Antonio Canova's Three Graces is a neoclassical marble sculpture of the three Charites of mythology, daughters of Zeus - identified in some of the engravings of the statue as, from left to right, Euphrosine, Aglaia and Thalia, embodying joy, charm and beauty respectively.
The Graces presided over banquets and meetings. As such, they were represented by artists such as Sandro Botticelli and Bertel Thorvaldsen.
A first version of the sculpture, known as the "Empressa", is kept in the Hermitage Museum; a second version, known as the "Duke of Bedfordb", is jointly owned by the Victoria and Albert Museum and the National Gallery of Scotland, where it is alternately exhibited.
In 1810, Canova made a terracotta sketch in the house of Therese County Tambroni in Frascati, which he offered, probably in 1813, to Juliette Récamier who bequeathed it in 1849 to the Musée des Beaux-Arts in Lyon, where it has been kept and exhibited ever since.
In June 1812, Joséphine de Beauharnais commissioned him to paint a work on this subject.
John Russell, the 6th Duke of Bedford, during a visit to Canova's studio in Rome in 1814, was extremely impressed by the sculpture of the Graces that Canova made for Josephine. When the empress died in May of that year, he offered to buy the finished piece, but was unsuccessful as Josephine's son Eugene de Beauharnais demanded it.
Maximilian of Leuchtenberg, Eugene's son, who had moved to Russia in 1839, later had it transported to St. Petersburg where it is still on display in the Hermitage Museum.
Far from being discouraged, the Duke of Bedford commissioned another version for himself. Work on the second sculpture began in 1814 and was completed in 1817.
In 1819, it was installed in the Duke's residence at Woburn Abbey. Canova himself was in England to oversee the installation, choosing a pedestal made from a marble base with a rotating top. This work is now held jointly by the Victoria and Albert Museum and the National Gallery of Scotland, where the sculpture is exhibited alternately.
The first version, the one in the Hermitage, is carved in veined marble and has a square column behind the figure on the left (Euphrosine). The "Duke of Bedford version" is carved in white marble, has a round column, and the central figure (Aglaia) is slightly wider at the waist.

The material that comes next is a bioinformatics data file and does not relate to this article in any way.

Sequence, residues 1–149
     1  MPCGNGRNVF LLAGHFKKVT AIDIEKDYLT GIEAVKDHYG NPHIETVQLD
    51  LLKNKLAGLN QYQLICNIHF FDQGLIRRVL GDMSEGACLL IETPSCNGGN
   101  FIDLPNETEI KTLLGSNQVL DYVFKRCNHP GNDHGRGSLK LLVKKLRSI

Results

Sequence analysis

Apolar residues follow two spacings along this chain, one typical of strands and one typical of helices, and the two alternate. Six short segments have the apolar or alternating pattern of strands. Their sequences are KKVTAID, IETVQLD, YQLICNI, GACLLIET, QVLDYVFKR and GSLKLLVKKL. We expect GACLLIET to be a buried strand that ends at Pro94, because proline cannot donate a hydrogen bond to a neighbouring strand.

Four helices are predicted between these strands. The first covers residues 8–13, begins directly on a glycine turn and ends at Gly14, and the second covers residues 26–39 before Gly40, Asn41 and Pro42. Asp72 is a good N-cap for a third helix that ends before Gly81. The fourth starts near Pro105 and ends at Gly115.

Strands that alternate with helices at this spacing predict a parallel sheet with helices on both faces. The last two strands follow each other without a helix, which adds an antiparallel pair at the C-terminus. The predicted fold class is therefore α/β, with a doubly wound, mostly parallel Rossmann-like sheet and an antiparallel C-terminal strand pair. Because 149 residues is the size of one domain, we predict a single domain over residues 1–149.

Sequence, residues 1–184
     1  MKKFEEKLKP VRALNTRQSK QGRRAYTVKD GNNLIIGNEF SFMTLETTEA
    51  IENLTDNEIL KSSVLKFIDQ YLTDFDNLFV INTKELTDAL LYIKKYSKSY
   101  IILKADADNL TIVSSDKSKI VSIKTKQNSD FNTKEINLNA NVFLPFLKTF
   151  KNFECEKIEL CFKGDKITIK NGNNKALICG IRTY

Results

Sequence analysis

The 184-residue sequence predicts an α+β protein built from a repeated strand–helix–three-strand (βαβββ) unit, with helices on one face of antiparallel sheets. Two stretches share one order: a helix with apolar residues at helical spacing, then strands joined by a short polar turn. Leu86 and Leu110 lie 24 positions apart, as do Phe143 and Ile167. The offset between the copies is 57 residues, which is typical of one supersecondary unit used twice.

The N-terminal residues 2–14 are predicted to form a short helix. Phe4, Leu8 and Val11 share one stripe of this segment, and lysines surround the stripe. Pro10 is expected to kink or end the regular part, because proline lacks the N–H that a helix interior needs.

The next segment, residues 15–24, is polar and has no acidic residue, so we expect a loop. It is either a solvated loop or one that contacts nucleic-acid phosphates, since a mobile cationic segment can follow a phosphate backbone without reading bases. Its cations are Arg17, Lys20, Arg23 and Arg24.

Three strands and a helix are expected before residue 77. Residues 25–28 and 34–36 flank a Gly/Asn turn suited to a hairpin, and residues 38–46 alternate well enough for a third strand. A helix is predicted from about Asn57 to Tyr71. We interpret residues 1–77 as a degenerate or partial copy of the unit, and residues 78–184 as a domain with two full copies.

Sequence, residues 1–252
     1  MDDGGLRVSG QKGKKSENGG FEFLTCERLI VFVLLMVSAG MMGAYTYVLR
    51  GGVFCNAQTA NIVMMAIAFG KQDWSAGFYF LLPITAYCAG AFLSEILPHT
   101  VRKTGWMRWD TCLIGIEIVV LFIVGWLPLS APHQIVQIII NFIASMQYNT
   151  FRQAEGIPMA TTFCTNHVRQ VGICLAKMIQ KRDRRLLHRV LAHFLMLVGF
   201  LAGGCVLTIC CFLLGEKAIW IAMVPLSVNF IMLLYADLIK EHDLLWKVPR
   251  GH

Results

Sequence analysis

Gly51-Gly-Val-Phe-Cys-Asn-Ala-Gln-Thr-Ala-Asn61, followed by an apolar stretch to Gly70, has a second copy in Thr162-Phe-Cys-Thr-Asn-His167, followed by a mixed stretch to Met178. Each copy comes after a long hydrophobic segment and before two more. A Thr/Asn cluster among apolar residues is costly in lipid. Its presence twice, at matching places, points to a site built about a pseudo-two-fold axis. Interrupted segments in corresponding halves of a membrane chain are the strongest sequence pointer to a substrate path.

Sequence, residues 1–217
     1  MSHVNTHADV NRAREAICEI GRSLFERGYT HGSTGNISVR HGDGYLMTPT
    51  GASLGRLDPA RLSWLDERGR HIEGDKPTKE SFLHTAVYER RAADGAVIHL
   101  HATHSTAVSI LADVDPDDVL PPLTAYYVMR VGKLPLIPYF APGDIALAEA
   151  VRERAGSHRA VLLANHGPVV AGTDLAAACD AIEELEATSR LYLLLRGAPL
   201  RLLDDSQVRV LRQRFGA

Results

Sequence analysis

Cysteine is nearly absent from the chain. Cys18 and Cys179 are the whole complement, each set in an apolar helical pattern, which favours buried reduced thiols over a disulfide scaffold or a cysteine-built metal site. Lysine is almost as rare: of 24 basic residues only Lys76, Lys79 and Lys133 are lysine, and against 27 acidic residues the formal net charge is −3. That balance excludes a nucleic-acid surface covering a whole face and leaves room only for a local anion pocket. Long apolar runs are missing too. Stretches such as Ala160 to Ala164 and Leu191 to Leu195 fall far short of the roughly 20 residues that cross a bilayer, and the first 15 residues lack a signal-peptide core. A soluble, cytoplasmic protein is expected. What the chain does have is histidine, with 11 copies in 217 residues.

The "Duke of Bedford's version" was based on Canova's previous depictions of the Graces, including a 1799 painting, other drawings, and a bas-relief of the Graces that he executed around the same time. But it is likely that his Hermitage version and later the Duke's version are based primarily on the earlier drawings and a terracotta sketch.
We know that his model is primarily a life-size plaster group of the group now in the Canova Museum in Possagno. In the Duke of Bedford's version, the Graces are leaning on a pillar, although in earlier versions this detail is absent.
The piece is carved from a single block of white marble. Canova's assistants roughened the marble, leaving Canova to make the final touches and shape the stone to highlight the soft skin of the Graces. This was a hallmark of the artist, and the work shows a strong allegiance to the neoclassical movement in sculpture, of which Canova is the best representative.
The three goddesses are shown naked, clutching each other, their heads almost touching, in such a way that some have considered it an erotic work. They are standing, leaning slightly inward - perhaps talking, or simply enjoying their proximity. Their hair styles are similar, braided and held at the top of their heads in a knot.
The style is elegant and suggests refinement, a delicate beauty that is common in Canova's sculpture. Art historians have often referred to the peaceful balance that seems to exist between the three heads.
Unlike the Grace compositions of antiquity, where the side figures face the viewer while the central figure embraces her friends with her back to the viewer, in Canova the figures stand side by side, facing each other.
The three female figures become one in their embrace, united by their hands and by a cloth that links them. The unity of the Graces is one of the main themes of the work. In the "Empress Josephine version" the Graces are on an altar decorated with three wreaths of flowers and a garland symbolizing their close ties.
Canova's work questioned the Baroque conception of opulent beauty: he represents the Graces as slender young women.
This is not the only deviation of Canova's work from the Baroque era. For example, the Baroque works of the Italian sculptor Bernini represent a short moment in time, a snapshot.
His 1644 work, The Ecstasy of St. Teresa, shows the moment when the Holy Spirit pierces Teresa's heart, leaving her in ecstasy of the divine presence. It is a poignant scene captured by Bernini at its most intense moment.
Canova's work, however, is different. His works do not seem to possess a real sense of time, they simply exist at a moment in the past, almost a ghostly memory of mythological scenes, or of people long dead. In the case of Three Graces, he invites the viewer to do what he wants with the scene he is theatrically presenting.
This is typical of the neo-classical movement. In many ways, this work was considered a departure but is now accepted by many as a model of beauty.